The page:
Geologic Pictures from Iceland
by Peter Bird, August 2003
Basalts and active spreading
Reykjanes (the Mid-Atlantic Ridge comes on land)
The failing West rift: Þingvellir
The active East rift
1783-1784 AD Eldhraun flow from Laki fissure, East rift
typical surface in Eldhraun (covered with moss, due to daily rain on the south coast)
Neogene layered basalt flows in southeastern Iceland (reflecting smoother pre-Pleistocene topography)
A dike north of Höfn
Breiðamerkurjökull and Jökulsárlón:
Breiðamerkurjökull, showing slope (relative to horizontal cloud ceiling)
Pleistocene (when all Iceland was under an icecap):
Jokulhlaups and sandurs
Silicic and/or explosive volcanism
granodiorite: Iceland has silicic magmatism, too! Presumably, silicic magmas form by (a) partial re-melting of basalt crust at its base (due to deep burial), and/or (b) fractional crystallization of large volumes of gabbro in a magma chamber, leaving a residuum (e.g., Hekla?).
tephra field of the 1104 AD eruption of Hekla This eruption was comparable in volume to the 1980 main eruption of Mount St. Helens in Washington state. It destroyed more than a dozen farms in Þjórsárdalur, and the area has still not been reoccupied.
Isostasy in action
isostatic rebound of a small iceberg (following faster melting of the upper parts, which are exposed to warmer water and/or to weather)
Hvannadalshnúkur: The highest mountain in Iceland is found near the coast, where precipitation, and thus glacial erosion, have been greatest.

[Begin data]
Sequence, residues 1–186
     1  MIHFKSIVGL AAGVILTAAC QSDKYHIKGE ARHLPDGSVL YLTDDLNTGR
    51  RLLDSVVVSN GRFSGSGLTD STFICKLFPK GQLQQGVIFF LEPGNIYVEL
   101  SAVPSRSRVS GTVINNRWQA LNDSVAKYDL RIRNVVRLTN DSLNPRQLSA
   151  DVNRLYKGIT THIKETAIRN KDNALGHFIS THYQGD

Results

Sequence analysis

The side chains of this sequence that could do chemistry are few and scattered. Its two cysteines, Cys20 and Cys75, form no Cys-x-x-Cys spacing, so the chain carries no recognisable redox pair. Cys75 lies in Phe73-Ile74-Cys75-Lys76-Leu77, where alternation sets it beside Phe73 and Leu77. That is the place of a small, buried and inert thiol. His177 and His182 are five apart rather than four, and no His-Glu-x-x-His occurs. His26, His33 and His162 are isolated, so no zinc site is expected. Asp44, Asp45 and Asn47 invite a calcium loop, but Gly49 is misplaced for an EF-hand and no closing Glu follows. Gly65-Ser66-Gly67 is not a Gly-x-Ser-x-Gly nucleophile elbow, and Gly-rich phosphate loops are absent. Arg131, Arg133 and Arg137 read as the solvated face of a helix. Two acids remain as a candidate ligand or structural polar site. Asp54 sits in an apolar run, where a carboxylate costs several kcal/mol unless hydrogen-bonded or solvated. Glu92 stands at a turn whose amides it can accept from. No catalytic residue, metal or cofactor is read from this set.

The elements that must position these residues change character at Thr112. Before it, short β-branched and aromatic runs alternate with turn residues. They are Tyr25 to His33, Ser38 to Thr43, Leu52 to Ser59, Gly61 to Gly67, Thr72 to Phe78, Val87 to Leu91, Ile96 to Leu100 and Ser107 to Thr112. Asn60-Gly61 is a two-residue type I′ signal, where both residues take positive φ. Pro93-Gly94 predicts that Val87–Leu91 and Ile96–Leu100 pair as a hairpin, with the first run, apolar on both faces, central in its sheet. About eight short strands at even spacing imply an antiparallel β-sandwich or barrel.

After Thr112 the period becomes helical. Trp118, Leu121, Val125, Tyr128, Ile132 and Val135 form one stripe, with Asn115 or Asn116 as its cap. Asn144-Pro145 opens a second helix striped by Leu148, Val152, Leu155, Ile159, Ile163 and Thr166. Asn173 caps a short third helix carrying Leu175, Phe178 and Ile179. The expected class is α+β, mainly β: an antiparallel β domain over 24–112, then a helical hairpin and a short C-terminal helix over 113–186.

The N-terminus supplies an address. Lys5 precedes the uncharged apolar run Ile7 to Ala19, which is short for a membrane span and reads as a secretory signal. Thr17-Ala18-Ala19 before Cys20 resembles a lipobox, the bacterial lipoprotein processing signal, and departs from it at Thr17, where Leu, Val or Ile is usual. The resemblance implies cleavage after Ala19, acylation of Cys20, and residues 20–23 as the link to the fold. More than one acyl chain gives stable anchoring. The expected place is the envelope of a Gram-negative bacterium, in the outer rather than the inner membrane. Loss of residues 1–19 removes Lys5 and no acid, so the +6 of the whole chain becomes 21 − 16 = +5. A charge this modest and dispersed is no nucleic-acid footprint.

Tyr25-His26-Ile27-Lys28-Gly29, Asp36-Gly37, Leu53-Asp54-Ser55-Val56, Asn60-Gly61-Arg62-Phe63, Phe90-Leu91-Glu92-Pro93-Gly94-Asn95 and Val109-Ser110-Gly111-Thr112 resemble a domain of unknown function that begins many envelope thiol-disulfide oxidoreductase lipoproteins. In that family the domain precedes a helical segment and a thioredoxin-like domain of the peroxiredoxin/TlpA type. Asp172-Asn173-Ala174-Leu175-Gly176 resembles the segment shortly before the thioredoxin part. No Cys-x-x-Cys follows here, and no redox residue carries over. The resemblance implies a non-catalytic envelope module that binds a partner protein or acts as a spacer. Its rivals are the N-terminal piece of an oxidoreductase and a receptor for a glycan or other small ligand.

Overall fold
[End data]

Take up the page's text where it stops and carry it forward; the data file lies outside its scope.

All stratified lavas in east Iceland dip to the west: (This is due to loading on top by younger flows to the west.)
a fracture zone scarp(?) in eastern Iceland. The unnamed sinistral transform fault that once connected (and may still connect?) the N end of theWest rift to the S end of the North rift is obscured by surface deposits, but there should still be an imprinted age contrast across a NW-SE line within the Eurasia plate. The NE side should be younger by about 10 Ma, and therefore higher. Even though this fracture zone(?) has not been mapped, and its inactive fault may be buried, one can infer it from the topographic "wall" of mountains just NE of the port town of Höfn (orange dot in this model). Another NW-SE-trending mountain "wall" which might be a fracture zone scarp is found 85 km to the southwest, from Skaftafellsfjöll to Hvannadalshnúkur. Notice the Z-Z shape of the margin of the highlands in this view looking SW across a topographic model.
Erosion of stratified volcanics: waterfalls, columns, & caves
Dyrhólaey (southern tip of Iceland):
stratigraphy: thick basalt flows (with columnar jointing) over sandur deposits
basalt column: basalt flows break easily along columnar joint fractures
Geysir geothermal field
Unusual building materials
Disclaimer: The geologic captions for the pictures on this page include a lot of educated guesses. Anyone who thinks, or knows, that I misinterpreted what I saw is encouraged to e-mail me with a correction. P. Bird, 2003.09.15.